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Department of Surgery »  Faculty »  General Surgery »  Tammy T. Chang, M.D., Ph.D.
Tammy T. Chang, M.D., Ph.D.

Tammy T. Chang, M.D., Ph.D.

Associate Professor of Surgery
Division of General Surgery

Contact Information

University of California, San Francisco
521 Parnassus Ave., C341
San Francisco, CA 94143-0790
Tel: (415) 476-0762
Fax: (415) 476-8694

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  • 1990-1992, California State University, Los Angeles, Early Entrance Program
  • 1992-1994, University of California, Los Angeles, Bachelor of Science, Biology
  • 1994-2003, Harvard Medical School and Harvard Graduate School of Arts and Sciences, M.D., Ph.D. Combined Degree
  • 2003-2004 University of California, San Francisco, Surgery, Intern
  • 2004-2009 University of California, San Francisco, Surgery, Resident
  • 2009-2010 University of California, San Francisco, Surgery, Chief Resident
  • 2006-2008 University of California, San Francisco and Veterans Affairs Medical Center, San Francisco, Liver Tissue Engineering, American College of Surgeons Research Scholarship, Research Fellow
  • 2010-2011  University of California, San Francisco, Minimally Invasive Surgery and Bariatric Surgery, Clinical Fellow
  • American Board of Surgery
  • Complex Abdominal Surgery
  • Enterocutaneous Fistula
  • Gastrointestinal Cancer
  • Hernia Repair
  • Intra-abdominal Sepsis
  • Laparoscopic Inguinal Hernia Repair
  • Pancreas Surgery
  • Recurrent Hernia
  • Soft Tissue Infections
  • Liver Tissue Engineering

Tammy T. Chang, M.D., Ph.D. is a gastrointestinal and acute care surgeon in the Division of General Surgery.

Her clinical training includes internship, residency, and chief residency in Surgery at the University of California, San Francisco.  In addition, she has completed a clinical fellowship in Minimally Invasive Surgery and Bariatric Surgery at the same institution.  Her research experience includes a post-doctoral fellowship investigating three-dimensional (3D) organization of hepatocytes in rotational bioreactors funded by the American College of Surgeons Research Scholarship.

Her background demonstrates her strong commitment to facilitate transfer of advances in laboratory research into clinical applications that benefit patients. Dr. Chang holds an M.D., Ph.D. combined degree from Harvard Medical School through the Medical Scientist Training Program. Her Ph.D. degree is in the field of immunology with specific focus on immunoregulation in autoimmune disease.

Her research includes the study of 3D hepatocyte culture with long-term goals of tissue engineering a basic liver unit for therapeutic implantation.

Liver transplantation is currently the only treatment for patients with end-stage liver disease (ESLD), which is the 12th leading cause of death by disease in the U.S.  The shortage of donor organs remains a major treatment limitation.  Alternatives such as hepatocyte transplantation have shown promise in treating metabolic liver disorders, but low engraftment efficiency and poor long-term efficacy are barriers to broader clinical application.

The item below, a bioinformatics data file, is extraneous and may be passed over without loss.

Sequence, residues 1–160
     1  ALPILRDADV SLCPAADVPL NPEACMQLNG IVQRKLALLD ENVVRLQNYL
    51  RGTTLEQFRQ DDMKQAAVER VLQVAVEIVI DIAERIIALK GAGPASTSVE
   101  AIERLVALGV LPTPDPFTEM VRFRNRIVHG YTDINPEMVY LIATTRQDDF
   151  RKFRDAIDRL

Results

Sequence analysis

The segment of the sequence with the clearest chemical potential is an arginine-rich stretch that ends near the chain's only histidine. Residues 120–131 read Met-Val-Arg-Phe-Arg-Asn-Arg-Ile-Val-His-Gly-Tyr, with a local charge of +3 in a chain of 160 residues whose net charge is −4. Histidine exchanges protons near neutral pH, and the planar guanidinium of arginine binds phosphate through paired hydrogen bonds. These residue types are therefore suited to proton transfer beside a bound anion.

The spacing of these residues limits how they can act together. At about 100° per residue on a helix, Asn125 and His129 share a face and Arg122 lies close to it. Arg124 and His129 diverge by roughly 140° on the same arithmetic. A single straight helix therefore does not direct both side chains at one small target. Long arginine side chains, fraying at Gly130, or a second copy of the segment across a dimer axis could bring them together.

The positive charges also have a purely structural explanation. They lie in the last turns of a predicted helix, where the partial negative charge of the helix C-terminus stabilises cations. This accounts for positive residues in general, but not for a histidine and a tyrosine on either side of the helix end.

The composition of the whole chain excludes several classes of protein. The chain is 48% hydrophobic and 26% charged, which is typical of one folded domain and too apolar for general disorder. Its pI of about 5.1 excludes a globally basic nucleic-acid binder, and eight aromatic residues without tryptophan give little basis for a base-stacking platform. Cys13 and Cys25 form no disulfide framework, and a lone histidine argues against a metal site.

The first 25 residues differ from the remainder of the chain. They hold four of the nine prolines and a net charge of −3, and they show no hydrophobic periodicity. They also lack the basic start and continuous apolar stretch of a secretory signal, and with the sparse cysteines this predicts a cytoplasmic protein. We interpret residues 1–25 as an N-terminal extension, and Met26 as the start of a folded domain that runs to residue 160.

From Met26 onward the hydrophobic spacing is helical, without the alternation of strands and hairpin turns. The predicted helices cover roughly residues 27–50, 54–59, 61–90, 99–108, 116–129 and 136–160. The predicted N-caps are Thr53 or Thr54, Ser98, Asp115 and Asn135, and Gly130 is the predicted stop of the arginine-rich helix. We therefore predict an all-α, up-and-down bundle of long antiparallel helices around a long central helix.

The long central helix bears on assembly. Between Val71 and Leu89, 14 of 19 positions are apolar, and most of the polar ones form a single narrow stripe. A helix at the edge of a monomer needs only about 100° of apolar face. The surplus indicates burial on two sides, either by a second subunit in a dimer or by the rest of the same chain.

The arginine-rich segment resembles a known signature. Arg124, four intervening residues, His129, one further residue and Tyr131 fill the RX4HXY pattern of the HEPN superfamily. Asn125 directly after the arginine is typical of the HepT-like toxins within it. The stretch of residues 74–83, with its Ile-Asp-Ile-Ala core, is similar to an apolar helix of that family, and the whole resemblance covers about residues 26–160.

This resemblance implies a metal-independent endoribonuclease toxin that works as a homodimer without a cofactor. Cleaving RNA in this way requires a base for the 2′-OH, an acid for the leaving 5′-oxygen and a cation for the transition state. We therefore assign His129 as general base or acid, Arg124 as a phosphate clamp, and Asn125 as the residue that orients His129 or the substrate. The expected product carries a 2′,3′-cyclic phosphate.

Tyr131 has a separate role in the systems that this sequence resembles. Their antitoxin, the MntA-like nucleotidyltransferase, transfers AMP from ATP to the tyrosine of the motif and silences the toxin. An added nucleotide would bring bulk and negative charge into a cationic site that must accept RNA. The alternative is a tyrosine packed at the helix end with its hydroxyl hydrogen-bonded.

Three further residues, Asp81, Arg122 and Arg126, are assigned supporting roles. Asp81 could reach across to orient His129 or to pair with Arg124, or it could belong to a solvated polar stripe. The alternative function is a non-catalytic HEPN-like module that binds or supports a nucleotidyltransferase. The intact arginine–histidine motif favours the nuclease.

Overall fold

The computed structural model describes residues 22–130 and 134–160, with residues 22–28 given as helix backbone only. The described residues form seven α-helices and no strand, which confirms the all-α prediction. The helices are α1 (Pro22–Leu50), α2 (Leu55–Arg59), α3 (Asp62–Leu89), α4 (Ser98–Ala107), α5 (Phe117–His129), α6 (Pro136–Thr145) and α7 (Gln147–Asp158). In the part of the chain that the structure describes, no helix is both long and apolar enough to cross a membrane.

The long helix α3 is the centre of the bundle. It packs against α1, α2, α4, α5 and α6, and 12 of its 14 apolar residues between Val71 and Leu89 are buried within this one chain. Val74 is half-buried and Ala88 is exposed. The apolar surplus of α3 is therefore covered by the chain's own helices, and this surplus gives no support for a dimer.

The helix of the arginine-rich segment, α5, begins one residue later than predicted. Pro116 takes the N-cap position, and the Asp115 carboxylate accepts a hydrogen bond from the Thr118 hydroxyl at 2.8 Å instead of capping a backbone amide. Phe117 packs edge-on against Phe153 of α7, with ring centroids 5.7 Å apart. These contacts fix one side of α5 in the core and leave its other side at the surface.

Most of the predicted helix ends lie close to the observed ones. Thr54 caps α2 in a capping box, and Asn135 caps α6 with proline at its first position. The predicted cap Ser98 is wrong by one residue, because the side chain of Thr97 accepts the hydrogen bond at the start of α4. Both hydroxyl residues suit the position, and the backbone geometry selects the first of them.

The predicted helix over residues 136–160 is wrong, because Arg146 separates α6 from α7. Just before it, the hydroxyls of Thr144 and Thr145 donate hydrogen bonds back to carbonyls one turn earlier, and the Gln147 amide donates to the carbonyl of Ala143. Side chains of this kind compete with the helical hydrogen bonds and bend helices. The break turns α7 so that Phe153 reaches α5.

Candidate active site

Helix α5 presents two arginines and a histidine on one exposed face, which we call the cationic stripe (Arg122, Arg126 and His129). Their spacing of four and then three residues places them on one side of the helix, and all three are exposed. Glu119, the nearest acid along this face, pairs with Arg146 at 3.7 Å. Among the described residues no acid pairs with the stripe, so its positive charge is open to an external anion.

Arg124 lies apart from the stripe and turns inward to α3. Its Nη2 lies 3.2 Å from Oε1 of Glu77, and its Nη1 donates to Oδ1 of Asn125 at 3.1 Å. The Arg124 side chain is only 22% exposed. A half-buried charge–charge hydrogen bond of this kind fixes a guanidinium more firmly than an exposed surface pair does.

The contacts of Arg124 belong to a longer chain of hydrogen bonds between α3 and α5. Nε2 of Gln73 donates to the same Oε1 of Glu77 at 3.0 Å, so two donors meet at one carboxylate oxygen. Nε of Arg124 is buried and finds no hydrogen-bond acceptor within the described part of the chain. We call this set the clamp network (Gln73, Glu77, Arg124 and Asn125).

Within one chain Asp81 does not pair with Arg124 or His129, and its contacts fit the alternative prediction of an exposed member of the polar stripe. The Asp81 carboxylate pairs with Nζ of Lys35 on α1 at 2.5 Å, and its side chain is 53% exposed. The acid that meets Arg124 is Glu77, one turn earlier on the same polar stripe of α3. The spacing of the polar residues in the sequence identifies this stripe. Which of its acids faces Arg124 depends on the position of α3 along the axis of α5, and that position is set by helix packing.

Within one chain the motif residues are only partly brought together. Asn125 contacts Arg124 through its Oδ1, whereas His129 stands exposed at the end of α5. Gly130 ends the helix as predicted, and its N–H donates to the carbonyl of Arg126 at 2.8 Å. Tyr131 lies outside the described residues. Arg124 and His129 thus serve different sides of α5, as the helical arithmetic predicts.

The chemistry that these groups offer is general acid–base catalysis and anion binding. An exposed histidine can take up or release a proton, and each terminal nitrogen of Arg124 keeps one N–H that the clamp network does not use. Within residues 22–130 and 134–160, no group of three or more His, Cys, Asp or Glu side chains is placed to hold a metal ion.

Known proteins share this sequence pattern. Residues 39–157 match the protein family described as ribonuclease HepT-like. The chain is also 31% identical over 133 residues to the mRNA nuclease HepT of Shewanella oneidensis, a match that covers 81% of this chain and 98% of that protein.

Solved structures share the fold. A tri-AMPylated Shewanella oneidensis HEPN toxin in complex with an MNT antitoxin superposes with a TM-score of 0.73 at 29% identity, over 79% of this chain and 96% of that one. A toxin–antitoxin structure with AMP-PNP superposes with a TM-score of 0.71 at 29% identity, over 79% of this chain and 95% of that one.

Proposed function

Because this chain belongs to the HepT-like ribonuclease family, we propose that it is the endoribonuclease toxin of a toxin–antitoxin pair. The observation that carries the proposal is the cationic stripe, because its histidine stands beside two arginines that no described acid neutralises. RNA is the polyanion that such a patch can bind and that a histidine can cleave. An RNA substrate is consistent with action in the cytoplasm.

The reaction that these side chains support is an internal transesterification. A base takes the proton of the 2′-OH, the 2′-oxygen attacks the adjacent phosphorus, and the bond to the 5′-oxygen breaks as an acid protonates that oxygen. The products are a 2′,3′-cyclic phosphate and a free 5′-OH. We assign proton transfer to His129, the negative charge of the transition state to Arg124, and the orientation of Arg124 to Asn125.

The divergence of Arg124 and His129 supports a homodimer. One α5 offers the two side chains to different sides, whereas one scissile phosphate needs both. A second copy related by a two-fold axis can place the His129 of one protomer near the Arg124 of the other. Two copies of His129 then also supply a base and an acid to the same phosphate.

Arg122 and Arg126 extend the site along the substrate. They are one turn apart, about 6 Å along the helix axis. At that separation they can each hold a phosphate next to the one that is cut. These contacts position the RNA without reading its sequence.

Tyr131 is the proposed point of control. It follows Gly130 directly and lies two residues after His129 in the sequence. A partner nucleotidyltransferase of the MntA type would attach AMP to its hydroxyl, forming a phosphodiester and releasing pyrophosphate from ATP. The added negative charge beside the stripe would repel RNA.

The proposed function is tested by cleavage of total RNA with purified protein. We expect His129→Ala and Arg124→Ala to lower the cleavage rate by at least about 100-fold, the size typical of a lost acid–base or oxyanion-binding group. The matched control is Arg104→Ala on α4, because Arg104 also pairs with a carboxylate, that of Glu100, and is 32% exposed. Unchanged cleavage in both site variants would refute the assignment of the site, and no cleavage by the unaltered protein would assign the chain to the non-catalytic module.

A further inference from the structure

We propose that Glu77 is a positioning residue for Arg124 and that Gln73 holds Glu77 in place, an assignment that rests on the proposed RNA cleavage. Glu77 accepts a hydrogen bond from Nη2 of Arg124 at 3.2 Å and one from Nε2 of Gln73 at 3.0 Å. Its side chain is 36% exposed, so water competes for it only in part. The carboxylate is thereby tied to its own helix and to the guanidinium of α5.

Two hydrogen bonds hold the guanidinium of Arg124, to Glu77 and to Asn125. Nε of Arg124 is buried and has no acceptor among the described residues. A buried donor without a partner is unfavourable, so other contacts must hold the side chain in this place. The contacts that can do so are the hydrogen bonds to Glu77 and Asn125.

Another strategy that holds great promise is ex vivo tissue engineering of a functional liver unit that can be implanted and then induced to further expand by host factors after incorporation.  Progress towards building three-dimensional (3D) tissue structure with biocompatible scaffolds has been hindered because these materials prevent normal cell-cell and cell-to-extracellular matrix (ECM) interactions.

The slow scaffold degradation rates also prevent remodeling and vascularization of the implant by the local host milieu. Moreover, it is increasingly clear that the surrounding environment is critically important for the durable function of hepatocytes. In particular, evidence shows that three factors independently improve and prolong primary hepatocyte differentiated functions ex vivo: 1) contact with ECM, 2) interaction with stromal cells (fibroblasts and endothelium), and 3) 3D cell-cell contact.

Dr. Chang's previous work showed that hepatocytes cultured in solid-body rotational bioreactors, which provide minimal shear stress with maximal 3D spatial freedom, produced self-aggregated spheroids with optimal metabolic and synthetic gene expression and function as compared to those cultured in two-dimensional (2D) monolayers.

Research in the The Chang Laboratory for Liver Tissue Engineering builds upon those observations and aims to generate "micro-liver-tissues" with endogenous ECM scaffolds and built-in microvascular networks through co-culture of hepatocytes with stromal cells within solid-body rotational bioreactors. Findings from this research are expected advance the field of tissue engineering by increasing our understanding of hepatocyte cellular response to matrix composition and heterotypic 3D cell contact. It will form the basis for the long-term goal of creating ex vivo engineered liver tissue for therapeutic implantation in patients with ESLD.

From a total of 27 publications
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